Steamboat Springs Jim Pringle wouldn't hesitate booking a ski trip to Colorado based on the long-range forecast the National Weather Service issued last week.
Pringle, a meteorologist with the National Weather Service in Grand Junction, said the forecast calls for above average temperatures and above average precipitation in the southwest corner of Colorado and the country through spring 2007.
The long-term forecast is based on many factors, including the revised assessment of the El NiÃ±o Southern Oscillation.
A weak El NiÃ±o pattern had been forecast for the remainder of this year and into 2007. A moderate El NiÃ±o episode is now expected.
"It looks very encouraging that we will get snow at the higher elevations," Pringle said. "At the lower elevations, we may see rain where we would typically see snow."
The above-average temperatures could lead to more wet snow rather than the fluffy powder Steamboat residents are used to, but Southern Colorado is in dire need of any form of precipitation.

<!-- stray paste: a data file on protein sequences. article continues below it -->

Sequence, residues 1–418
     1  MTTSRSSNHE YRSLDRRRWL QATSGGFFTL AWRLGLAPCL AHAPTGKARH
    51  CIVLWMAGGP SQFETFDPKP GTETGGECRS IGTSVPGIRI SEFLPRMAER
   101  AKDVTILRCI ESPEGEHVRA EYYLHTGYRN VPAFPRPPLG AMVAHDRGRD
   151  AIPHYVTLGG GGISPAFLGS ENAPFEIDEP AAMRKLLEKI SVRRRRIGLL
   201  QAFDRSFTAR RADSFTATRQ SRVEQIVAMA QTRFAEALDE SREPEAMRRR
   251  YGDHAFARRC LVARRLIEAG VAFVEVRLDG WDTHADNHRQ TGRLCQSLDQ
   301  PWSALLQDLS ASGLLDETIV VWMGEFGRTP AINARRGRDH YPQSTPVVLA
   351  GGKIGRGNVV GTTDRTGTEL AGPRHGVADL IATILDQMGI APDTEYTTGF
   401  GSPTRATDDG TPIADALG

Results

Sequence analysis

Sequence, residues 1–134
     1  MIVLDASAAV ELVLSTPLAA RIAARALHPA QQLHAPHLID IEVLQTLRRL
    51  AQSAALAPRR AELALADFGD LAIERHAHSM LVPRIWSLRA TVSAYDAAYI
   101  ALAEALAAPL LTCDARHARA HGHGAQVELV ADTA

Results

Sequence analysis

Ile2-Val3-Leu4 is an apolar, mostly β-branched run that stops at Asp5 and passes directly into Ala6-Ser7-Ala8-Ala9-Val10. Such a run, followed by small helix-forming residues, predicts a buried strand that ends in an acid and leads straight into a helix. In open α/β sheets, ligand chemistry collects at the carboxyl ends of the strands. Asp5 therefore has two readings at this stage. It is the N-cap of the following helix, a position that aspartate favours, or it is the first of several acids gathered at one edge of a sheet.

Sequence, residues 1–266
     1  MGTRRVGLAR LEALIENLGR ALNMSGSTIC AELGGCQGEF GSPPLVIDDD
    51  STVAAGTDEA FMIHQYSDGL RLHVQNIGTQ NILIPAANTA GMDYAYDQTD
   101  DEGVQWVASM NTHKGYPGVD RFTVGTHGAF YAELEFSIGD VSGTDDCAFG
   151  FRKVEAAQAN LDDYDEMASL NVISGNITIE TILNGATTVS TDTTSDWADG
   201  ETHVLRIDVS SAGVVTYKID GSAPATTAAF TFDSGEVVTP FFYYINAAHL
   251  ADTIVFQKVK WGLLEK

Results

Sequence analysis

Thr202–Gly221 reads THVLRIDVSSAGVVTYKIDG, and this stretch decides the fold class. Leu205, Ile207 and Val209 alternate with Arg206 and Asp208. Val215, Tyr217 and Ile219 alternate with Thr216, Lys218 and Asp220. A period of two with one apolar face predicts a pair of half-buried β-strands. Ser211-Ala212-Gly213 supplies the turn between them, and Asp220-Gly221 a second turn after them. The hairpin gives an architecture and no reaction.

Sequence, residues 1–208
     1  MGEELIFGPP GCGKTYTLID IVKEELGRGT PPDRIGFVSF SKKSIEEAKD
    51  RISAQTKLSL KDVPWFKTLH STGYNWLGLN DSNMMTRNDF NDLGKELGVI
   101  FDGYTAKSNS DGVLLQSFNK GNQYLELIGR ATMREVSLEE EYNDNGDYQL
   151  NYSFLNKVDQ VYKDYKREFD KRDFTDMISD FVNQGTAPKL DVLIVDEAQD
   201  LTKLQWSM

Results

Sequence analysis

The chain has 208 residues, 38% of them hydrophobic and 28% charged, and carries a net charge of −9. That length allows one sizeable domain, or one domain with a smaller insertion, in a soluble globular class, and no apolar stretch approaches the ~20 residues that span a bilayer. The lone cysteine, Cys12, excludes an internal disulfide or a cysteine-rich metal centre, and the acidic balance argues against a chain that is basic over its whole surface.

"There is no indication of below-normal precipitation expectations anywhere in Colorado," Pringle said. "To me, that is a very encouraging sign."
Colorado was in a neutral pattern last year, which translated to near-record snowfall totals for the Steamboat Ski Area.
El NiÃ±o patterns are different and occur as a result of warmer-than-typical sea surface temperatures in the eastern Pacific Ocean.
Several forecasters at the National Weather Service in Grand Junction conducted a local study on snowfall during various El NiÃ±o patterns between 1971 and 2000.
During moderate to strong patterns in the western Colorado and eastern Utah mountains, forecasters measured above-average precipitation in the fall. It started to drop toward the end of November.
Precipitation numbers were near average or slightly below average through January before picking up again in late January or early February. Then, precipitation totals were above average through April.
Steamboat's ski season lasts from late November through mid-April.
"That might be what we can expect - near- to above-normal precipitation though the peaks may occur early in the season and late winter or early spring," Pringle said. "It just depends."